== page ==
The Synod of Bishops which will be meeting October 5 - 19 is causing a lot of stir in both the media and in the pews. The media, doing what they do best, is causing a raucous in an attempt to get as many clicks, views, impressions or whatever other methods they use to drive business to their sponsors and thus increase their revenue. The problem is there are actually very few in the media who actually understand what is going on. This lack of understanding is leading to mass confusion on the part of Catholics and non-Catholics alike.
I would like to take a moment and explain what this Synod is. First of all, a Synod of Bishops or even an Ecumenical Council CANNOT change Church doctrine. This upcoming meeting is what is known as an Extraordinary General Assembly of the Synod of Bishops. It is, in layman’s terms, a pre-game for the Synod of Bishops on the Family which is to occur in October, 2015. This meeting is designed to build the framework for next year’s Synod of Bishops on the Family. The Document PASTORAL CHALLENGES TO THE FAMILY IN THE CONTEXT OF EVANGELIZATION¹ sets down a series of topics to be discussed. Among them are:
1. The Diffusion of the Teachings on the Family in Sacred Scripture and the Church’s Magisterium
2. Marriage according to the Natural Law
3. The Pastoral Care of the Family in Evangelization
4. Pastoral Care in Certain Difficult Marital Situations
5. On Unions of Persons of the Same Sex
6. The Education of Children in Irregular Marriages
7. The Openness of the Married Couple to Life
8. The Relationship Between the Family and the Person
All of these are topics which have always been taught and discussed in the Church. Unfortunately, as our society has continued to change and the moral fabric which holds our society together has loosened, many in the Church have failed to give these topics the respect they deserve. Since the Bishop is the main shepherd for each Diocese, it is his responsibility to assure that the faithful are being properly formed in the faith. Formation is not something that ends with Confirmation. We as Catholics have a duty to actively participate in our formation. Just going to Mass on Sunday is NOT enough.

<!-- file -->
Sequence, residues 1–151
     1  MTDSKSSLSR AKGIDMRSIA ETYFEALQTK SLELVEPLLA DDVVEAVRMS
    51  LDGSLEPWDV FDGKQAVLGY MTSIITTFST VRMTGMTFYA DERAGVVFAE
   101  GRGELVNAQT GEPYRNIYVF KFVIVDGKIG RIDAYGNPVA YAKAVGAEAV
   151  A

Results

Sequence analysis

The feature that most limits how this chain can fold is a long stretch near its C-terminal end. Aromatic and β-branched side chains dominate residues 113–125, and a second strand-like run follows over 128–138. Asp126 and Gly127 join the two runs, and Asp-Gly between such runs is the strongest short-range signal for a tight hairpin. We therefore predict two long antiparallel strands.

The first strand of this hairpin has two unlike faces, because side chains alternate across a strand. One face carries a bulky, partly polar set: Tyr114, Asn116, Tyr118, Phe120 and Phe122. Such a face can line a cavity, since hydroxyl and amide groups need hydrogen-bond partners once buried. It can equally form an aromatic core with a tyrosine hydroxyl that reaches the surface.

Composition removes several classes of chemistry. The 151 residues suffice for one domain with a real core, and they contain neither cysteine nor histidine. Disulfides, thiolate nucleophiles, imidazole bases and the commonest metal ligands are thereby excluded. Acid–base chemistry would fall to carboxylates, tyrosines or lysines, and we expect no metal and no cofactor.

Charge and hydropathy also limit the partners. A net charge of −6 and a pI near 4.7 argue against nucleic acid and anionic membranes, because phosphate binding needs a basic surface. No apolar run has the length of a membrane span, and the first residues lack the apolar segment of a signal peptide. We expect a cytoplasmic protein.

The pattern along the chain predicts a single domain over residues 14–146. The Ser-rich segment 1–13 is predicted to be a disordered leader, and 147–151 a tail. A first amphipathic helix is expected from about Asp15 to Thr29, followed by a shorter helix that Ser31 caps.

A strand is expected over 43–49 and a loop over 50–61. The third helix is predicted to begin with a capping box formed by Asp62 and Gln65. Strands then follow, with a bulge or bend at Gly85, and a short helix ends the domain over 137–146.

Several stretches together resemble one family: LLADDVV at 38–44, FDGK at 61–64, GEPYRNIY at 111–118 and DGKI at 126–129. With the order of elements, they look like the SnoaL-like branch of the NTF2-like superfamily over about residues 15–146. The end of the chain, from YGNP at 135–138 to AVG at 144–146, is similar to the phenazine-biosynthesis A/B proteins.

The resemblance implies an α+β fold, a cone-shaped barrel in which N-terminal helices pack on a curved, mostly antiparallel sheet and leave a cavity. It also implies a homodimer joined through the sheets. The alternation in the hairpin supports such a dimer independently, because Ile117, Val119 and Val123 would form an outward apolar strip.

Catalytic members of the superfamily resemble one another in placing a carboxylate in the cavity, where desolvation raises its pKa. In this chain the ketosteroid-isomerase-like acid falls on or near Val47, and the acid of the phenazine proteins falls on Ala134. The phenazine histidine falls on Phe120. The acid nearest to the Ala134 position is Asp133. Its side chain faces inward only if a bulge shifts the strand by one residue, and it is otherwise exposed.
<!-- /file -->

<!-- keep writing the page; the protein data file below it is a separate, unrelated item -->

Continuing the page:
The hot topic issue recently with regard to the Extraordinary General Assembly of the Synod of Bishops has been whether or not the Synod will change the disciplinary requirements for the reception of Communion for those Catholics who have been validly married, (civilly) divorced and (civilly) remarried without an annulment. To change the discipline regarding the reception of Communion would mean a change in the understanding of the doctrines of both the Eucharist as well as (in this particular case) Marriage.
Let’s first start with Marriage. In Mark 10:2-12, Jesus is extremely explicit when it comes to divorce. He tells us, “What therefore God has joined together, let not man put asunder.”² He goes on to tell us, “Whoever divorces his wife and marries another, commits adultery against her; and if she divorces her husband and marries another, she commits adultery.”³ The Catechism of the Catholic Church explains in great detail (65 paragraphs) what Marriage is, “The matrimonial covenant, by which a man and a woman establish between themselves a partnership of the whole of life, is by its nature ordered toward the good of the spouses and the procreation and education of offspring; this covenant between baptized persons has been raised by Christ the Lord to the dignity of a sacrament.”4 It should also be noted that this paragraph cites the Code of Canon Law, can. 1055 § 1.
Where am I going with this? The Church has always taught that Marriage is a sacramental bond between a man and a woman which cannot be broken by the actions of human beings. Of course, the Church also recognizes that extenuating circumstances may exist which inhibit such a bond from ever occurring. The process by which those bonds are examined is known as an annulment. If an annulment is not granted, one is not free to marry again as they are still married. Unfortunately, many people in the Church today do not understand the indissolubility of Marriage because civil divorce has become so prominent in today’s society. Many view the Church’s position on Marriage and divorce as “out of touch” or antiquated. Still, a great many more are not fully aware of the Church’s teaching with regard to Marriage and divorce because it is not spoken about enough today.